There ought to be a big dfference between notes taken to supplement memory, notes taken as pre-writing, and notes taken to reflect upon. Etc.

One issue with 10 word notes is that they assume that you will remember the meaning of the content words. In this case, ‘space’ is already in inverted commas. If you don’t remember all the nuances of the word, you need a longer note, or a linked network of notes instead of this one short note.

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How do you retrieve information in your vault? Do you thumb through related notes? Do you use hashtags? Do you primarily use the search functionality?

What I would recommend doing in your situation, is to either add the note to an existing note that is more relevant (picture below) or create a miscellaneous note that you add these types of notes to until they are ready to become their own note.

In my mind, a note is ready to become its own note when you are able to link it to a couple of other notes. Otherwise I would keep it a sub note of a different one that is most relevant or part of a miscellaneous note.

  1. Is the piece of information from a source that has its own bibliography note? If yes, then add it to the bibliography note. No, go to next line.
  2. Have I added a lot of commentary to the piece of information and it links to multiple other ideas in my vault? If yes, then make it into its own note and create links to other notes. No, go to next line.
  3. Does this piece of information closely relate to an existing note in my vault? If yes, then add it to that note. No, go to next line.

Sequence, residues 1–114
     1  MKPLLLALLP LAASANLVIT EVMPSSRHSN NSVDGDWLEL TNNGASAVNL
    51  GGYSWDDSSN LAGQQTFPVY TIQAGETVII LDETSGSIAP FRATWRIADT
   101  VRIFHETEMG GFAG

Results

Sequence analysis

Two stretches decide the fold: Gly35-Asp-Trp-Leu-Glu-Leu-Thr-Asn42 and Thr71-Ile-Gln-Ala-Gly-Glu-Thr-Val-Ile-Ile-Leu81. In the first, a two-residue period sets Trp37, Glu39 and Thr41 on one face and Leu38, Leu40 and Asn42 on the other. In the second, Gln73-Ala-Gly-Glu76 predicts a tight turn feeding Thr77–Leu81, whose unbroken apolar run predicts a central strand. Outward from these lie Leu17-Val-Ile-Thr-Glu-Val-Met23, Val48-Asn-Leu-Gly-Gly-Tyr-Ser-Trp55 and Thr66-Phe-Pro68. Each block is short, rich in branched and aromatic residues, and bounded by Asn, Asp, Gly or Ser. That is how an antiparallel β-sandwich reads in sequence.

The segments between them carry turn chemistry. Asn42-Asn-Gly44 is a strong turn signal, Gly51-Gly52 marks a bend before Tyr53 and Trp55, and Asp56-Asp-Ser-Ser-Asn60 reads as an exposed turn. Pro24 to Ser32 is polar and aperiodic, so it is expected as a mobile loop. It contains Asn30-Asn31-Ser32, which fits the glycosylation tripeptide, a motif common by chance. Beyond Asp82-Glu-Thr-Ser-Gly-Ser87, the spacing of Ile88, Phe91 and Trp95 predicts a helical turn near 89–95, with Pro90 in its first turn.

4. If no to the above three then add the note to the miscellaneous page

@lizardmenfromspace, those are great questions!

I tend to use the search function most often, I think, because I usually remember the general idea of what I’m looking for, and just have to be able to retrieve it. My brain makes the connections between ideas most of the time without Obsidian’s help; Obsidian would merely record those connections.

To answer a previous question, I use the notes for a variety of purposes, including writing and for passing on to a friend when they have a related need and I think “hey, I recently read something about that.”

As I’m thinking through this, I’m realizing part of the difficulty might be that my brain doesn’t organize the information the way I think a lot of people organize their notes. I think my brain works like MOCs, so maybe I need to lean heavily on a note structure that does, too.

e.g. “learned helplessness” is a concept I’ve noted recurring in my reading. But the kind of connection my brain makes is more like, “I read about learned helplnessness in this book and this book and this book and also this other book.” It seems like the way we’re ordinarily told we “should” structure a note system, “learned helplessness” should be a note in paragraph form – so then it doesn’t make sense to me to make that note if I don’t have anything new to write. But if the way my brain works is to say, “Learned Helplessness: okay, here are all the resources that were related to that” and list them, that’s probably what my note should look like (or at least start as).

I think of myself as a “collector” or “curator” by nature, so I probably need to give my notes permission to be structured as “collections” and not necessarily more than that.


As you say, much of the advice you will read is directly opposed to the way you want to organise notes. So you need to ignore that advice - maybe stop reading such views - or you need to change your ideas about what your notes are for.